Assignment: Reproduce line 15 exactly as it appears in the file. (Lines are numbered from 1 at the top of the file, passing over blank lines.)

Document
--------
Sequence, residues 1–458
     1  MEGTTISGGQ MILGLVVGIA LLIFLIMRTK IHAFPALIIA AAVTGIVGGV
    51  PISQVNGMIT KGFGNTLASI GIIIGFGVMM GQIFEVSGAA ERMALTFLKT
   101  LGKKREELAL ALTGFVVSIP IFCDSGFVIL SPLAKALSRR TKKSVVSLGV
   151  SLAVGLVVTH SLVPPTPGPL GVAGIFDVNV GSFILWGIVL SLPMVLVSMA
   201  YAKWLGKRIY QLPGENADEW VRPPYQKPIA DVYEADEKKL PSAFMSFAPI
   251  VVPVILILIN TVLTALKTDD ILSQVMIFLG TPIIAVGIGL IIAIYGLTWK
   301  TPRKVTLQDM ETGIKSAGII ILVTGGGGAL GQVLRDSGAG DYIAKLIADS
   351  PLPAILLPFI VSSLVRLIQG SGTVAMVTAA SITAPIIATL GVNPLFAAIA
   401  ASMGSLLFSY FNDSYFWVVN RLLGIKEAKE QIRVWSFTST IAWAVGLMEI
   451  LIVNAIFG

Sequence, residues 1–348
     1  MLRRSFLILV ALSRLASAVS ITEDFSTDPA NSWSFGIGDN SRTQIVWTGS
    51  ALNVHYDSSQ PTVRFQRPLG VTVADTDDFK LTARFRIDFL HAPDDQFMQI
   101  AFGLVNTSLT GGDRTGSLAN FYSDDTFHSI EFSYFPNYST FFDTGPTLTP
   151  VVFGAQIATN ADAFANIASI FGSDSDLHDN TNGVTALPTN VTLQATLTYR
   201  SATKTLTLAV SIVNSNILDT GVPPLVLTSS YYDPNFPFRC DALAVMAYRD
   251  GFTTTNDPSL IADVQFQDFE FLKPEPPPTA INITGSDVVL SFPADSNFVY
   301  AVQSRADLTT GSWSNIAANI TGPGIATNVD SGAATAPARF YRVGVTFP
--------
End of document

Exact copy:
   101  AFGLVNTSLT GGDRTGSLAN FYSDDTFHSI EFSYFPNYST FFDTGPTLTP